Zilliqa Passes ‘Milestone’ with addition of smart contracts to its Blockchain
Posted: 10 June 2019 | Source: coindesk
“Next-generation” cryptocurrency Zilliqa has announced the launch of smart contracts on its platform.
In an announcement sent to CoinDesk, Zilliqa president and chief scientific officer Amrit Kumar said passing the “milestone” means the project has “developed the technology we envisioned two years ago, and now, we are open for business.”
Following the launch, developers will now be able to write and deploy smart contracts on the Zilliqa blockchain with the project’s functional smart contract language, Scilla.
“With this, we’ve come to realise our vision of a better smart contract language, one built with greater security guarantees at the language level,” claimed Kumar.
The Singapore-based crypto platform presents itself as solving the common blockchain hurdle of scalability through sharding, an efficiency-boosting technique that predates bitcoin but has yet to prove its viability in big permissionless networks. The team claimed in its white paper in 2017 that “at ethereum’s present network size of 30,000 miners, Zilliqa would expect to process about [1,000] times the transaction rates of ethereum.”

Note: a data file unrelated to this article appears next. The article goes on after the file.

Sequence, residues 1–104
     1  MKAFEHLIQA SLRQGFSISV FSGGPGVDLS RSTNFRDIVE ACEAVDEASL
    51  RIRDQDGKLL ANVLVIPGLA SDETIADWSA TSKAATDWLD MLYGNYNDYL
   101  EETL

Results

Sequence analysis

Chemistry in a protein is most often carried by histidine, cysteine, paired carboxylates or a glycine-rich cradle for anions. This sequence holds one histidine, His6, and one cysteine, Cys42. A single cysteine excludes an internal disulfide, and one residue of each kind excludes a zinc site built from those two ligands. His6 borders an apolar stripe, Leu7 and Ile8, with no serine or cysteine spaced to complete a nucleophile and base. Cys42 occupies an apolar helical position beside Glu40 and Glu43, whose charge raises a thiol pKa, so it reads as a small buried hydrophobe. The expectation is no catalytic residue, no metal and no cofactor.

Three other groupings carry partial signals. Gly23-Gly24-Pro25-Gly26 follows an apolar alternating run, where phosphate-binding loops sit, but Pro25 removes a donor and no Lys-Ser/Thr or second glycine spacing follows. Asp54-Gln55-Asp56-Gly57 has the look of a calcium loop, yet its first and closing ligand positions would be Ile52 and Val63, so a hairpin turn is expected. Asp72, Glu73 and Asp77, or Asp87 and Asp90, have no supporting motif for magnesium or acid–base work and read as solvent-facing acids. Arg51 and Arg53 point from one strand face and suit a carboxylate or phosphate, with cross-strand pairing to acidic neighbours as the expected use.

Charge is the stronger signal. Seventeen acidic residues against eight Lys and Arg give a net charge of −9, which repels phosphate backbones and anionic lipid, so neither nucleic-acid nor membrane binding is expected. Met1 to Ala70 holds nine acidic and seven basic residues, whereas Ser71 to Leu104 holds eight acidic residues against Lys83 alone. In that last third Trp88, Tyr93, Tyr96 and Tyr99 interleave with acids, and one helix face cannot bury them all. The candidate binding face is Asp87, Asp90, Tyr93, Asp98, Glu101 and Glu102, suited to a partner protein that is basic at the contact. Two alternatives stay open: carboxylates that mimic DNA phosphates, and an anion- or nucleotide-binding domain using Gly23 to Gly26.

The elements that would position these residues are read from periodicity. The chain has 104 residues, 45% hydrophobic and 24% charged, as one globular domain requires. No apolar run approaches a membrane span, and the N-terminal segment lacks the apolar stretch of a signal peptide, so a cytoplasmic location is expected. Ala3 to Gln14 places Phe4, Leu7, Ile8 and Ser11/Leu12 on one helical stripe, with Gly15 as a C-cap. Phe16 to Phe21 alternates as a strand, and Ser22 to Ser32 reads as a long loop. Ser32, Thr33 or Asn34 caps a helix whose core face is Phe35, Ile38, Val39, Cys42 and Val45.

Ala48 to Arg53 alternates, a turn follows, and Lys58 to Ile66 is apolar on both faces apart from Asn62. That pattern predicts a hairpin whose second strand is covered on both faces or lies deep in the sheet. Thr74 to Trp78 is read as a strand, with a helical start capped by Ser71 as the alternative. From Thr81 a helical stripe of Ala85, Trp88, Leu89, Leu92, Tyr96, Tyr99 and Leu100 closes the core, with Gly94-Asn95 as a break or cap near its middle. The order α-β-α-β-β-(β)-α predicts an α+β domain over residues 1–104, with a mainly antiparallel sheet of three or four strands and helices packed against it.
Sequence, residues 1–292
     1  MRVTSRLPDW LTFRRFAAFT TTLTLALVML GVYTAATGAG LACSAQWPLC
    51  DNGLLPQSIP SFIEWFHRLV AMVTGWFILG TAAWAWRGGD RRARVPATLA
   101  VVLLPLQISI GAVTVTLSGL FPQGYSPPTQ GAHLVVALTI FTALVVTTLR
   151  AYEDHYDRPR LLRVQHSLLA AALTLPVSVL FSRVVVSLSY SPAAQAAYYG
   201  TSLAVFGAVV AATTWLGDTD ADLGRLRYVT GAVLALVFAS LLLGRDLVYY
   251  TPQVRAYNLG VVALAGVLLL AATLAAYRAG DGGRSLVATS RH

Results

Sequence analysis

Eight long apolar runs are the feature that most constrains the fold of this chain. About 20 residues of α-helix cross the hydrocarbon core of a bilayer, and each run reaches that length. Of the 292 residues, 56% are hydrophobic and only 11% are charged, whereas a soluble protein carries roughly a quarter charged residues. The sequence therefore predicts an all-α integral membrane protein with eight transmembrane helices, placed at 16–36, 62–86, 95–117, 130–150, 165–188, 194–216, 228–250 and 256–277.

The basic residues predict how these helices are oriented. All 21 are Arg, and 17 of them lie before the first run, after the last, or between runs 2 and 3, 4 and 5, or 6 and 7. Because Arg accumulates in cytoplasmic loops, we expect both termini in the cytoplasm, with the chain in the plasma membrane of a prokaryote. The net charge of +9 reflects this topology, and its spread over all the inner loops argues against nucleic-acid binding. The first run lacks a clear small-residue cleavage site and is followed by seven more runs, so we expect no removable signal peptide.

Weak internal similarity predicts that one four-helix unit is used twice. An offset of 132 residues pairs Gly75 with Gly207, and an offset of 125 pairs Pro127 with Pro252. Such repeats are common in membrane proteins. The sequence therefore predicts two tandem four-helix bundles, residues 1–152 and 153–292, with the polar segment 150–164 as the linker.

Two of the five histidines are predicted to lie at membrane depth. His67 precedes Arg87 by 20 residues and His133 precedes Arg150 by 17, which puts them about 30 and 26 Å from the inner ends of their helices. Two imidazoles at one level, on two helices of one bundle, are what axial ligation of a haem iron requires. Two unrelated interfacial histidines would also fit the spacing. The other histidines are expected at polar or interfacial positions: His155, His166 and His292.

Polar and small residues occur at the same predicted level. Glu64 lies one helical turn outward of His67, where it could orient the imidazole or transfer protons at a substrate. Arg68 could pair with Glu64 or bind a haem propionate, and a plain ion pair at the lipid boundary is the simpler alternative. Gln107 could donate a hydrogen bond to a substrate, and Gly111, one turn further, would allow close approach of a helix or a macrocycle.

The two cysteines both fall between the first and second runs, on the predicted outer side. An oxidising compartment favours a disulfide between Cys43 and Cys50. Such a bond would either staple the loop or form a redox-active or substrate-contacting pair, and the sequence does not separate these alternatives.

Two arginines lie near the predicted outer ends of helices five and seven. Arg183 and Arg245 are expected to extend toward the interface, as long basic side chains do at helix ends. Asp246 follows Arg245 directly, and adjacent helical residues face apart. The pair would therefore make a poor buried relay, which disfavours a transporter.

Over the last six months, Zilliqa has passed other milestones, launching its mainnet and enabling transactions, Kumar said. According to CoinMarketCap data, its zilliqa (ZIL) token passed the $1 billion market cap threshold last May. At press time, that stands at around $200 million.
Among the core features offered by Zilliqa’s smart contracts, Kumar listed that they are amenable to formal verification and come with a suite of static analyzers that help spot potential bugs and issues in contracts. Further, the Scilla language is designed to handle different operational components, such as computation and communication with other contracts, in a “clean manner,” eliminating complex interleaving.
“This can prevent incidents like the DAO and the Parity hacks,” Kumar said.
Scilla also comes with a suite of standard libraries, such as one that performs arithmetic operations in a “safe manner,” removing the need to rely on external libraries.